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I'm having trouble grappling with variable scope withing a Node.js application I'm making, generally I understand how variable scope works in/around a function (in this instance, anonymous callback functions).

What I'm battling with is what is the best way of maintaining vairables through a chain/hole of anonymous callbacks. Where as normally I could pass the variables to the functions, but because I'm using mongoose (mongodb ORM) I cant pass my own variables in. and so have to either resort to defining the variables over and over at each step deeper into the callback.

What is the best way of doing this?

Below is my code where I end up getting variables undefined by the time I want to use them for tweeting:

var userBid = tag.user;

User.find({id: userAid}, function(err, userA){

  if (err) {console.log("Error getting user A for tweeting ", err)}
  else {
    var userAName = userA.twitter.screenName;
    var userBid2 = userBid;
    User.find({id: userBid2}, function(err, userB){

      if (err) {console.log("Error getting user B for tweeting ", err)}
      else {

        var action = "@"+ userAName + " just claimed some of @" + userB.twitter.screenName + " 's turf as their own.";

        twitterClient.updateStatus(action, function(err, resp){
          if (!err) {
            console.log("Tweeted: ", action );
          } else {
            console.log("TwitBot error:", err);
          }
        });
      }
    });
  }
 });

Surely there is a better way of handling this... ANy help is much appreciated.

share|improve this question
1  
This is not PHP/C/Java! You don't have to pass around your variables. They'll always be available through the scope lookup chain... Just declare them once at the top level of your scope (as you have it now), and you can then access them from inside those functions. No need to pass them down the rabbit hole!! –  Joseph Silber Sep 1 '11 at 18:46
    
Um... if this were the case, then why were my variables undefined? And what would be the reason for bind/currying see @Raynos' answer below –  Christopher Sep 2 '11 at 9:47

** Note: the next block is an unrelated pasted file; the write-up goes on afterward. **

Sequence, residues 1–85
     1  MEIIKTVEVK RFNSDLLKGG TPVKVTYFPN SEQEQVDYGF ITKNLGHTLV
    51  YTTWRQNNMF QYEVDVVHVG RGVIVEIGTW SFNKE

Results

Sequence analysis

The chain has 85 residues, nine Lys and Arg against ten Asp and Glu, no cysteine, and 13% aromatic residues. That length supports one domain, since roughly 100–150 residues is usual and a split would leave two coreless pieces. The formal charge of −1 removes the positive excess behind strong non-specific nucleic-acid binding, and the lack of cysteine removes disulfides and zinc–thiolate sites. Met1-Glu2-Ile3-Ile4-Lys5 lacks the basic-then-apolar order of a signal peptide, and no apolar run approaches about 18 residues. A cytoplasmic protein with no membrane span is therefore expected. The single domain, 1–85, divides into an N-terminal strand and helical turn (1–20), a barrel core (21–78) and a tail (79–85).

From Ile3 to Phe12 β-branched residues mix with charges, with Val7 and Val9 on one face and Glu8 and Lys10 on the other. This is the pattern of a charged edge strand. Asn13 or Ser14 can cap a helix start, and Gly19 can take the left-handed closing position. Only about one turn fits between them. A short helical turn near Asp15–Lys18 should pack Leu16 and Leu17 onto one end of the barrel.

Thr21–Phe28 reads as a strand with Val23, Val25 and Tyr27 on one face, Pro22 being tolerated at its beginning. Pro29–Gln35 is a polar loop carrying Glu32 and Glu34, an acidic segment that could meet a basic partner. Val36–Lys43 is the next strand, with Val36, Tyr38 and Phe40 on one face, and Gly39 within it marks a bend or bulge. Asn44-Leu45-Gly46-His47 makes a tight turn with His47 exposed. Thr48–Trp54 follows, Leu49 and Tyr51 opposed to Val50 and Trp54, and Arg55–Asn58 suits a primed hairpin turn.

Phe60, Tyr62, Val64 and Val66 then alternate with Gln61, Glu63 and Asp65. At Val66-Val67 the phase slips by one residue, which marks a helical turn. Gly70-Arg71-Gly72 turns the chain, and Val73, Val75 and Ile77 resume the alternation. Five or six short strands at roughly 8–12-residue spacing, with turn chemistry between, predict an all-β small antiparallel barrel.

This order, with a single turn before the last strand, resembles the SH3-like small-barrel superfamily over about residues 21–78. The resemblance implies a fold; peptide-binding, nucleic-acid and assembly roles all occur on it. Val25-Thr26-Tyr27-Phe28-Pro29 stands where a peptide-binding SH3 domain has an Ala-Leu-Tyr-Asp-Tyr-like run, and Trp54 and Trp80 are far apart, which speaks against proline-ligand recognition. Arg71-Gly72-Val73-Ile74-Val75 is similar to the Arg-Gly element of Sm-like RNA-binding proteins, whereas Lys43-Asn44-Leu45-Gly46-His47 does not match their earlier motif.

1 Answer 1

up vote 2 down vote accepted
User.find({
    id: userAid
}, function(err, userA) {
    if (err) throw err;
    else {
        User.find({
            id: tag.user
        }, (function(userAName, err, userB) {
            if (err) throw err;
            else {
                var action = "@" + userAName + " just claimed some of @" + userB.twitter.screenName + " 's turf as their own.";
                twitterClient.updateStatus(action, function(err, resp) {
                    if (!err) {
                        console.log("Tweeted: ", action);
                    } else {
                        console.log("TwitBot error:", err);
                    }
                });
            }
        }).bind(null, userA.twitter.screenName));
    }
});

Either use closure scope (tag.user is available through closures) or use .bind to bind variables to a function.

For example we've curried the userAName variable into the anonymous function by doing

(function(userAName, normal, arguments, here) {

}).bind(null, userAName));
share|improve this answer
    
Thanks for your answer, I'm confused about this section: (function(userAName, err, userB) { I'm worried that seeing as this callback is being fired by a third party (mongoose) , I cant just inters userAName in, I was under the impression that the 1st argument is err ... Or is it safe to do what you've suggested? –  Christopher Sep 1 '11 at 19:10
    
@Christopher that's how .bind works. It returns a new function with the first argument locked and slots the rest of the arguments after the first argument –  Raynos Sep 1 '11 at 19:23
    
Brilliant! thanks –  Christopher Sep 1 '11 at 19:25

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